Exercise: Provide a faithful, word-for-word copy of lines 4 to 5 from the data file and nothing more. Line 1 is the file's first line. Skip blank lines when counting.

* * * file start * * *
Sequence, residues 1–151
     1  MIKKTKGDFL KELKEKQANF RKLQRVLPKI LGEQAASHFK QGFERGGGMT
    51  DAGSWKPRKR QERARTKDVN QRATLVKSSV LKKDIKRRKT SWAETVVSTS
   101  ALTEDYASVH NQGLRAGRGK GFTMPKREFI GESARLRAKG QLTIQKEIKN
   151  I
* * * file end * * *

   101  ALTEDYASVH NQGLRAGRGK GFTMPKREFI GESARLRAKG QLTIQKEIKN
   151  I